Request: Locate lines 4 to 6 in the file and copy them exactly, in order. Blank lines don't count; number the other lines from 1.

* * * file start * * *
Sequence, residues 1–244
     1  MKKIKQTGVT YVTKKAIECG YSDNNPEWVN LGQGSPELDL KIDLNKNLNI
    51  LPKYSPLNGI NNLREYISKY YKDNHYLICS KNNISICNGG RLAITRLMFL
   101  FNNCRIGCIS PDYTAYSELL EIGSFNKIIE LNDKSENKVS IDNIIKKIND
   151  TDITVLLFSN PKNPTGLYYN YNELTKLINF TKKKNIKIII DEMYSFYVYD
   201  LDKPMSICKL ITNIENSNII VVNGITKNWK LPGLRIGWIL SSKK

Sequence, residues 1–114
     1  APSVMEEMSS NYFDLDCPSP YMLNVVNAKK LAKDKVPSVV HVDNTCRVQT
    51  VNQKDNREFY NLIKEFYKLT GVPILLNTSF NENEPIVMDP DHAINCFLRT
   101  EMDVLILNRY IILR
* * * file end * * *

   101  FNNCRIGCIS PDYTAYSELL EIGSFNKIIE LNDKSENKVS IDNIIKKIND
   151  TDITVLLFSN PKNPTGLYYN YNELTKLINF TKKKNIKIII DEMYSFYVYD
   201  LDKPMSICKL ITNIENSNII VVNGITKNWK LPGLRIGWIL SSKK